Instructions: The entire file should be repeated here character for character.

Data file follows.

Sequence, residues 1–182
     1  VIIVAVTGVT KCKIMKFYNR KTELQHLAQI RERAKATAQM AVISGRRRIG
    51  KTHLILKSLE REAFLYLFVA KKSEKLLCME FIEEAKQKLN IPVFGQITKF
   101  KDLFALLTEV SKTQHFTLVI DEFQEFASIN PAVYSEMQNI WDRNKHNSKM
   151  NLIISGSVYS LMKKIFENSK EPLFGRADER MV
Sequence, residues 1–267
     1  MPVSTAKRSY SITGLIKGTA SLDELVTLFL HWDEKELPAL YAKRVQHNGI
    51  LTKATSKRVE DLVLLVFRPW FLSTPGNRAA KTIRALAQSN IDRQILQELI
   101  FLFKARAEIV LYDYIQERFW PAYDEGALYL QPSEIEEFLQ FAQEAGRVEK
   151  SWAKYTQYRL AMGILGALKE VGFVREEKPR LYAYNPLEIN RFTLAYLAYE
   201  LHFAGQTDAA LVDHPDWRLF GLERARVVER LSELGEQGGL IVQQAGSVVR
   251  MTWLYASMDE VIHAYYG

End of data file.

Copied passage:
Sequence, residues 1–182
     1  VIIVAVTGVT KCKIMKFYNR KTELQHLAQI RERAKATAQM AVISGRRRIG
    51  KTHLILKSLE REAFLYLFVA KKSEKLLCME FIEEAKQKLN IPVFGQITKF
   101  KDLFALLTEV SKTQHFTLVI DEFQEFASIN PAVYSEMQNI WDRNKHNSKM
   151  NLIISGSVYS LMKKIFENSK EPLFGRADER MV
Sequence, residues 1–267
     1  MPVSTAKRSY SITGLIKGTA SLDELVTLFL HWDEKELPAL YAKRVQHNGI
    51  LTKATSKRVE DLVLLVFRPW FLSTPGNRAA KTIRALAQSN IDRQILQELI
   101  FLFKARAEIV LYDYIQERFW PAYDEGALYL QPSEIEEFLQ FAQEAGRVEK
   151  SWAKYTQYRL AMGILGALKE VGFVREEKPR LYAYNPLEIN RFTLAYLAYE
   201  LHFAGQTDAA LVDHPDWRLF GLERARVVER LSELGEQGGL IVQQAGSVVR
   251  MTWLYASMDE VIHAYYG